Tidal upwellings as critical habitats for shearwaters in the Bay of Fundy
Many seabirds undertake dramatic migrations, traveling thousands (or tens of thousands) of kilometers between their summer breeding grounds and over-winter foraging sites, but little is known about the stop-over sites where these birds forage to replenish energy reserves between long-distance trips. Around Grand Manan Island, tidal currents form strong and predictable upwelling regions where seabirds and marine mammals forage. Great and Sooty shearwaters, two of the most abundant summer seabirds in Atlantic Canada, make heavy use of these upwelling systems, particularly in August prior to migration. This provides us with a rare opportunity to study shearwaters outside of their breeding season.
Since 2005 we have been studying the diets, movements, habitat use and migrations of shearwaters around Grand Manan Island. From small boats, we use throw nets to capture birds at sea allowing us to measure, weigh and sample more than 300 individuals over the past 6 years. Blood and feather samples are used in bio-chemical analyses of stable isotopes and fatty acids to decipher their diets, which consist primarily of krill, herring, mackerel and squid. Satellite transmitters have allowed us to track individuals, revealing foraging “hotspots” at tidal upwellings in the Bay of Fundy and documenting long-distance migration routes to their breeding grounds in the southern hemisphere (the longest recorded track was over 47,000 km during 209 days!). Visit these links to see tracks from shearwaters tagged around Grand Manan: 2006, 2007, 2008, and 2009.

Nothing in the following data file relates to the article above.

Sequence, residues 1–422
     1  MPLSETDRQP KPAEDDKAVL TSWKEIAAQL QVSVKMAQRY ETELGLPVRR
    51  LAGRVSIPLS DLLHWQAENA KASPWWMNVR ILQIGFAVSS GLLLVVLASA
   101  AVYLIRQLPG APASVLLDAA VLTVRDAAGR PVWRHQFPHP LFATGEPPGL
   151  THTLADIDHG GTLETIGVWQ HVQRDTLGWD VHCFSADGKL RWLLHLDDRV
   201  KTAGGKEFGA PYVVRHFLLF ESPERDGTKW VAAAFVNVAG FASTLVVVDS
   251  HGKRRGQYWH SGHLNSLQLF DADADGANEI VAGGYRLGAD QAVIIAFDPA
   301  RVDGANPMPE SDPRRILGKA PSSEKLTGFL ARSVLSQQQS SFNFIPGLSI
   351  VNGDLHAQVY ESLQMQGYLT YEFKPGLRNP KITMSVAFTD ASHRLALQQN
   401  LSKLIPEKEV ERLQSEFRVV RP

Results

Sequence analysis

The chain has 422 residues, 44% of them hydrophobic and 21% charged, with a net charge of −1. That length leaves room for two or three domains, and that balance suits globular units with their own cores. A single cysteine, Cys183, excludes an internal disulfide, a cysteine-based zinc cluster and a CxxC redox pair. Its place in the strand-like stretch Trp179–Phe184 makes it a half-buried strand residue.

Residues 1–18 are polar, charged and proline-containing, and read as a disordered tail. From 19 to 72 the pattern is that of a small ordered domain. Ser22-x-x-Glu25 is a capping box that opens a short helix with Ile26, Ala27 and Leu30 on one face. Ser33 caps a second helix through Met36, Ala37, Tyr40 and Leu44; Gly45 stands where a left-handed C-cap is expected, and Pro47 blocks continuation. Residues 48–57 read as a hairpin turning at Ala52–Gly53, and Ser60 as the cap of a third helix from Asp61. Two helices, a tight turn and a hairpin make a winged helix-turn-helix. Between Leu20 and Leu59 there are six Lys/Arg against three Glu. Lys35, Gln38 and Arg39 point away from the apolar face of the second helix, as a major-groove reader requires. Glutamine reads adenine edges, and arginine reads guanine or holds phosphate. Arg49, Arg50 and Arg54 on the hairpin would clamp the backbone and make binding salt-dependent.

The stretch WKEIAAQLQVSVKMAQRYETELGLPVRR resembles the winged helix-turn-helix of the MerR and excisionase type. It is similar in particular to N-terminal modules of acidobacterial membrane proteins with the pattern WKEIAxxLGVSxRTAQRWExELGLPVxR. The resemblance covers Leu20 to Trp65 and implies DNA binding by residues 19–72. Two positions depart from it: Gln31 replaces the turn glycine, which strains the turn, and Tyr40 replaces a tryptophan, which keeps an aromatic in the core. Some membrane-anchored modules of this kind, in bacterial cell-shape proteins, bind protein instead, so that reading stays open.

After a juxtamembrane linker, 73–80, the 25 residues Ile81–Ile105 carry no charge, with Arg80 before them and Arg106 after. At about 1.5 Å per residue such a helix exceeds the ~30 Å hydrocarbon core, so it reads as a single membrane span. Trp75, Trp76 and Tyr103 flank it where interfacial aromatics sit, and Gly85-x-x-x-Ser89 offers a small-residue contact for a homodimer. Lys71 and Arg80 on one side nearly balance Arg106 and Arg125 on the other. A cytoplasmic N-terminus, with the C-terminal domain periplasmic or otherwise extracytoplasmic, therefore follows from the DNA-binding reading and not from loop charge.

Seabirds are widely regarded as important indicators of marine ecosystem health. Through yearly sampling, we are using dietary analysis to investigate changes in shearwater diets, which can indicate changes in the prey base in Fundy tidal upwelling ecosystems. We have already observed a shift in shearwater diets from herring and krill (2005-2006) to squid and krill (2007-2009), and we plan to continue monitoring shearwater diets over the next 5 to 10 years. Measures of body condition, studies of stress hormones, and analysis of hematology (blood cell counts and diseases) also form part of our annual monitoring program to investigate changes in the “health” of shearwaters that use tidal upwelling sites around Grand Manan.